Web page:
We were discussing one evening how many of us don’t really think of marriage as the Bible portrays it: as a covenant, binding, contractual commitment (Mal 2:14). However, we do understand that when we buy a house we enter into such a commitment.  This understanding of how house buying works, leads many of us to act very wisely when house hunting. We then started thinking of the great benefits that could be gained by applying some of the same principles of house hunting to spouse hunting!! How is finding a spouse like buying a house?  Well in both cases you need to…

1) Be ready.

Buyers, if you have no money for a deposit and no way of paying a mortgage, attempting to buy a house will be a useless, frustrating process for both you and the sellers. Sellers, if you’re not ready to sell, putting your house on the market out of idle curiosity is a waste of time and will create false hope for the buyers.

Similarly, men if you can’t see yourself being able to get married anytime soon and are not yet mature enough to handle the responsibilities of life-long commitment, pursuing a woman is a pointless, potentially harmful exercise. Likewise, women if you are not nearly ready for permanent commitment, allowing a man to pursue you is misleading and can result in great heartbreak.

2) Know what you’re looking for.

Buyers, if you haven’t considered the number of rooms you want, the area you want to live in etc., you could end up looking at hundreds of houses while still being unable to choose one. This will result in you wasting a lot of peoples time. Moreover, you could wind up choosing a house that is completely unsuitable or missing out on a house that could be perfect for you. Sellers, if you have not considered what a trustworthy, good buyer looks like, or what a suitable asking price is, you could turn down perfectly good offers or be misled by shady buyers.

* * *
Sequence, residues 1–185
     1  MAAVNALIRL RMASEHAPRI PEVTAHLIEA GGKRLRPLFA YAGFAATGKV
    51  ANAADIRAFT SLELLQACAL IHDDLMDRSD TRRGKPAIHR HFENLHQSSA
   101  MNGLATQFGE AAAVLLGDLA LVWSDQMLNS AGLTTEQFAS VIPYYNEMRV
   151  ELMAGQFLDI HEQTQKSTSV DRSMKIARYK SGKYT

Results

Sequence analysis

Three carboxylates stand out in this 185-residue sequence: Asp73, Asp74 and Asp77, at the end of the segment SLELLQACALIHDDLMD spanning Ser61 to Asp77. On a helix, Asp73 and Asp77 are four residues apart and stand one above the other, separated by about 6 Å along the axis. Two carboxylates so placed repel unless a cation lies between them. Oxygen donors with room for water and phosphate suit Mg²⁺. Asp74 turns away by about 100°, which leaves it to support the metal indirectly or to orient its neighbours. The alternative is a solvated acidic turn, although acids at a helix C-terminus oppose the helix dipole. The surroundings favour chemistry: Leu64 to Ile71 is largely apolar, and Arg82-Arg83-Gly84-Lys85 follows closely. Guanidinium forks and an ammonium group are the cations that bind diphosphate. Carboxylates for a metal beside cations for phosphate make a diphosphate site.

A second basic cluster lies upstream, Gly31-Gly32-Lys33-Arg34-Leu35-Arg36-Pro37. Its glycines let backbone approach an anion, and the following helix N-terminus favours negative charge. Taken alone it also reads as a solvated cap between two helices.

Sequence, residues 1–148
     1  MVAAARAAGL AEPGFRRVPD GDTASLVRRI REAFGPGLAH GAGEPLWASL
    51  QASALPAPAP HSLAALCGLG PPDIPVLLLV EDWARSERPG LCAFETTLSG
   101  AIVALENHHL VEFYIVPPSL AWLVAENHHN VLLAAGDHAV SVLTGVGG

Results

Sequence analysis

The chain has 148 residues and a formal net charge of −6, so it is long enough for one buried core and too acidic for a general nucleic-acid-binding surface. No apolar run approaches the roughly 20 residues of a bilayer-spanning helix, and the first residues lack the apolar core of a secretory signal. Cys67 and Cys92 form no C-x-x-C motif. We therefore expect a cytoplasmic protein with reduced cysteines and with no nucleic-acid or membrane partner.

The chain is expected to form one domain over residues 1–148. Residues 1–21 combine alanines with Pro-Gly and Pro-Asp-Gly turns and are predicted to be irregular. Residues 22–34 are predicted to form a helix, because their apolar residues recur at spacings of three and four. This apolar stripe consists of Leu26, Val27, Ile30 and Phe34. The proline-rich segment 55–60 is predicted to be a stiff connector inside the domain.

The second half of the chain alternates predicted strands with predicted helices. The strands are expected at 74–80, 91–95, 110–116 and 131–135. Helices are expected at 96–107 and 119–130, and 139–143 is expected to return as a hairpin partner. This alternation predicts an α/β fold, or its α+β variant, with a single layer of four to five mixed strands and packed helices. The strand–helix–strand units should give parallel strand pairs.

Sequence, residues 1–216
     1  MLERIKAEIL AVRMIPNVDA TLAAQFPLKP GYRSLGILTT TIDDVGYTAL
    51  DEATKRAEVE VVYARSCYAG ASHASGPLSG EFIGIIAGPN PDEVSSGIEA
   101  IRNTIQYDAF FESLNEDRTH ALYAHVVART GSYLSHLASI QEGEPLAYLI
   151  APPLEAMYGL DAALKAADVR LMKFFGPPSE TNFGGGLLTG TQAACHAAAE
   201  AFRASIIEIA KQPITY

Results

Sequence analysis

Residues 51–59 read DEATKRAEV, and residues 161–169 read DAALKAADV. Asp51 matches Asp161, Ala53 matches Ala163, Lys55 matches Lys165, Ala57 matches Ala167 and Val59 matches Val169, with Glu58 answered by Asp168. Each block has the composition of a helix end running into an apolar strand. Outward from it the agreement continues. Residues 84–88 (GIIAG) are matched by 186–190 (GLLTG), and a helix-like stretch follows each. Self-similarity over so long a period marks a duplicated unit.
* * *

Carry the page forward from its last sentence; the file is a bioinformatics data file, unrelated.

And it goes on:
Similarly ladies and gents, if you have not thought through what essential, important qualities you’re looking for in a husband or wife (see Proverbs 31,Timothy 1:3 and Galatians 5:22-23 for ideas) you’ll find it difficult to choose a person to marry. In addition, you’ll probably waste people’s time, could make an unwise marriage choice and may even overlook a great match.

3) Not act too keen!

Buyers, if you find a house you would like to buy, wildly begging and pleading the sellers to let you purchase their house is not a good idea! Sellers, if you get a good offer, enthusiastically calling the buyer regularly to tell them how pleased you are with their offer is not wise. Such behaviour could lead the buyer/seller to take advantage of your interest and delay signing a contract while they wait and see if any better offers come up. In addition, they might alter the price in their favour.